After the shame of Gor Mahia voyage to Morocco the dust has settled and the same faces still are held straight explaining away the issue.
It is a wonder but not in this country. The great everlasting chairman Ambrose Rachier absolved the club officials from any blame regarding the bungled travel plans to Morocco for their Caf Confederation Cup match last weekend.
He instead said the chaos was contributed to after the Ministry of Sports failed to confirm their travel plans on time.
"In early April, I met top Sports Ministry officials who agreed to provide us with 30 air tickets. A week later, we were asked to collect the same but the same were not ready," he explained.
He also had to threaten the players again by pointing a sharp finger at some players and blaming them for fomenting rebellion in the team and promised that the club will take disciplinary action against the culprits.
With that, he relaxed and now will go on with the tiring job he is unsuited for.
There are many people who believe that he is doing a great job at the club and that he even spends his own money on the club in the tune of millions.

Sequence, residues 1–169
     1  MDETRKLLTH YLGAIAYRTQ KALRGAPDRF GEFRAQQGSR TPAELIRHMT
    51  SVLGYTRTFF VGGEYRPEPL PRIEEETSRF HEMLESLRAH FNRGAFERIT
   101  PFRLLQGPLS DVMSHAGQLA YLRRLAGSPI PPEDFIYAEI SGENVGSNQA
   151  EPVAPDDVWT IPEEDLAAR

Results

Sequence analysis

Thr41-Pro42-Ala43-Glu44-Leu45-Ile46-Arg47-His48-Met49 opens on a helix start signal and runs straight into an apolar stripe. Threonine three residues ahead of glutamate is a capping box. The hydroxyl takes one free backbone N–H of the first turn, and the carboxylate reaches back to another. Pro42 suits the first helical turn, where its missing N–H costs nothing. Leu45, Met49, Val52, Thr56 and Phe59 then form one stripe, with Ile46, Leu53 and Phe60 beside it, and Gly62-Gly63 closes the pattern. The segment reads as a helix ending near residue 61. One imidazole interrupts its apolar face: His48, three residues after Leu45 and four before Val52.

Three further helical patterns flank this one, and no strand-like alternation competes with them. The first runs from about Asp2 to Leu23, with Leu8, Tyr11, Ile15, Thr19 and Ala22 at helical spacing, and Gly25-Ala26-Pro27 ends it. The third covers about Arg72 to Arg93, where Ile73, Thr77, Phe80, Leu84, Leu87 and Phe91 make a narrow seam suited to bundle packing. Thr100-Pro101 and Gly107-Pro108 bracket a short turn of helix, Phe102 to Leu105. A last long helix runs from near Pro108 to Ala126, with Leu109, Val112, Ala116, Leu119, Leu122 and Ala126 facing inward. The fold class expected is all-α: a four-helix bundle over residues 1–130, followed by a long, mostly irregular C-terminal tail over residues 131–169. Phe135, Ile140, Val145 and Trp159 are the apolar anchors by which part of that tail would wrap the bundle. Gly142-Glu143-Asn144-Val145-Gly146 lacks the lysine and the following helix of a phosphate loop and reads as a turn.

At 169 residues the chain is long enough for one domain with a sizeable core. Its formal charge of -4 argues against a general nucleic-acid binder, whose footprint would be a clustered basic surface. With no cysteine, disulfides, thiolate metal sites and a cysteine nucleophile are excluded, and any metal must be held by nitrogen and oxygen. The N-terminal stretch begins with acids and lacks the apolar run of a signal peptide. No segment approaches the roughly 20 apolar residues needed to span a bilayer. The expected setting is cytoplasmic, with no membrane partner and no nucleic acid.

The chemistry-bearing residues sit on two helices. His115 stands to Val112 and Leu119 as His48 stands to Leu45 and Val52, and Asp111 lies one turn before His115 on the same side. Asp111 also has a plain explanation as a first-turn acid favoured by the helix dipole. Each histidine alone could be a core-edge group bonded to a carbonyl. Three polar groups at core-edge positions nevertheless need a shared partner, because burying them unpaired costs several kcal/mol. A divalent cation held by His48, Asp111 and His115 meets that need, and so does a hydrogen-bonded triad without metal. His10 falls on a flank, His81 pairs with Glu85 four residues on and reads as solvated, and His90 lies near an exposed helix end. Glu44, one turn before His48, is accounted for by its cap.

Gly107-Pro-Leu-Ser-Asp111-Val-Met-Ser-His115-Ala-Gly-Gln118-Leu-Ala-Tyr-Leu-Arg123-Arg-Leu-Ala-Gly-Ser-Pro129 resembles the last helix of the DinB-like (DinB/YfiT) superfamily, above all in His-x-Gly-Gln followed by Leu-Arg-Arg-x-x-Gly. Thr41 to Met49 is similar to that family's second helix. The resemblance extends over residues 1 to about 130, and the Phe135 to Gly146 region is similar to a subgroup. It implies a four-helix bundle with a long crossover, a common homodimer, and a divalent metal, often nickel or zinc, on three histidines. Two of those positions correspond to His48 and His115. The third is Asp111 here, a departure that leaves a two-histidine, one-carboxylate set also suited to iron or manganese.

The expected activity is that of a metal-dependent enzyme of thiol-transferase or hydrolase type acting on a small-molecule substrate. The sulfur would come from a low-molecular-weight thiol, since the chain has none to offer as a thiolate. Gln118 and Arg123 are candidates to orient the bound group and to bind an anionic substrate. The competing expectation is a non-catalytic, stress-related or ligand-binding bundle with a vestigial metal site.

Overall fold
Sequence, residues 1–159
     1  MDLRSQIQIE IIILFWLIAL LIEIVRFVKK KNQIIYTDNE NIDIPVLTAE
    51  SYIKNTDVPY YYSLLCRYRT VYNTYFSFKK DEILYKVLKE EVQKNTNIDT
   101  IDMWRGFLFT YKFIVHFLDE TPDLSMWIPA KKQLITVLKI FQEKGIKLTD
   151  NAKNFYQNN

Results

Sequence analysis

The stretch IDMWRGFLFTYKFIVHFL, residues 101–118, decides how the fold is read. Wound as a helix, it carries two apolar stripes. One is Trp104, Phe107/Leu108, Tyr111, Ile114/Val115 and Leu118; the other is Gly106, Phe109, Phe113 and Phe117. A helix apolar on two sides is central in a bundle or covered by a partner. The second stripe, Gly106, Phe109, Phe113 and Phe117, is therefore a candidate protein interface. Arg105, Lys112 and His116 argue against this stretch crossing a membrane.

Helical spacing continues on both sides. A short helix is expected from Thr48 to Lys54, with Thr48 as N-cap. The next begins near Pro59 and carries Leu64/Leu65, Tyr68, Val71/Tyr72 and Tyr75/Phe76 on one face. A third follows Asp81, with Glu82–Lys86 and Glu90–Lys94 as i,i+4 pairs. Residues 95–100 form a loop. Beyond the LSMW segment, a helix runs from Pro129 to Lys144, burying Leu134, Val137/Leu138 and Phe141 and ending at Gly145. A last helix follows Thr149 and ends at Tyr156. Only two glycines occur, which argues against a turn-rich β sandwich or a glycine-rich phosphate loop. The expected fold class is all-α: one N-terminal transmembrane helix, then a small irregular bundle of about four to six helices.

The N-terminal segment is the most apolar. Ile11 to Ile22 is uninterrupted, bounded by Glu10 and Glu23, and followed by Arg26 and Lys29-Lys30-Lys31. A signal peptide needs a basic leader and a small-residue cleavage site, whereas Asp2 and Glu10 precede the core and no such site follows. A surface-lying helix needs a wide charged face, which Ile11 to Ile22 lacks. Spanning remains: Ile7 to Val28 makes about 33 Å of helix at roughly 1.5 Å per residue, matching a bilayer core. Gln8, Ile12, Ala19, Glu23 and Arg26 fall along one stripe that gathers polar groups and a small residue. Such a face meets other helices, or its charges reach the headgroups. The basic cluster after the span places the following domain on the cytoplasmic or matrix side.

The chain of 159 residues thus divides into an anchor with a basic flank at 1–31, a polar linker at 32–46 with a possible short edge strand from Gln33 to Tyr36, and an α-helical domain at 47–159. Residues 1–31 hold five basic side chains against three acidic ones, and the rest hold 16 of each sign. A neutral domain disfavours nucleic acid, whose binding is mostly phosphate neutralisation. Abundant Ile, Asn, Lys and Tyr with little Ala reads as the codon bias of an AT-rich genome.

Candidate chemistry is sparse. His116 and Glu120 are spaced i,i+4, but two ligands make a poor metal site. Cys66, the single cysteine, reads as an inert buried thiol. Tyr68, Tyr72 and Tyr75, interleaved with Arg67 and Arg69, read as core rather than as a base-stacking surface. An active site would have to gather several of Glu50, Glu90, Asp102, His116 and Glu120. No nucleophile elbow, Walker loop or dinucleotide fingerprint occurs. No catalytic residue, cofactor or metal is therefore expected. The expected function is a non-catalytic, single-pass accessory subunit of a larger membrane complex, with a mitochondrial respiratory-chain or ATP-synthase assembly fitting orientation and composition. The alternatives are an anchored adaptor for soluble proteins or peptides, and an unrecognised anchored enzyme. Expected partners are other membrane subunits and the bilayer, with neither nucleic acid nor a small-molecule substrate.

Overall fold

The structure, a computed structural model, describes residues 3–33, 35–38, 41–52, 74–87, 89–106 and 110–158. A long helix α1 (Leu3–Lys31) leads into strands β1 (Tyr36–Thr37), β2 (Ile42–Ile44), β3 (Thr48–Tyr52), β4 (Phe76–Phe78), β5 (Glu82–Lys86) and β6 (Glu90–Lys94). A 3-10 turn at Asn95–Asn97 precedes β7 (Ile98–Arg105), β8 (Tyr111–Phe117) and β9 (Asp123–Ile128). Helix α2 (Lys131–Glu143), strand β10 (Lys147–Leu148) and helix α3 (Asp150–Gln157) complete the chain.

That could be true, but why does one bother to seek re-election and even campaign for a post that only gives one persistent headaches and financial losses? Why not just give up and do something worthwhile? Is he a glutton for punishment?
We know it isn't easy to run a club in Kenya especially at the moment when corporate apathy to football and sports in general is at its highest. There are many clubs right in the Kenyan Premier League that are tottering on the brink of bankruptcy or are already bankrupt.
The situation is dire but we must try new ideas that can raise them. One of the ideas is to have new managers and directors of these clubs.
They can even be turned into companies with boards of directors' et al. This means that they will have to be audited thoroughly and people held responsible for any fraud.
This is one thing that the chairmen hate most. Even when we say that the corporates are turning their backs on Kenyan football, it is not entirely true. There are individuals whose "cut" must be included in the deal before any sponsorship is agreed to!
Kenyans would rather watch the English Premier League than the local matches. We cannot blame them at all since the standards are so low and unattractive. To sell our football to them, we must make it more vibrant and fascinating.
This had peaked during the time when SuperSport was broadcasting the matches live. The deal broke with our own bickering and some 18 club league being forced down their throats! Did they know the effect? We suppose they knew but were gaining nothing from it.
All that is water under the bridge. We are in pain mode at the moment and we must get a palliative soon or we will become irrelevant.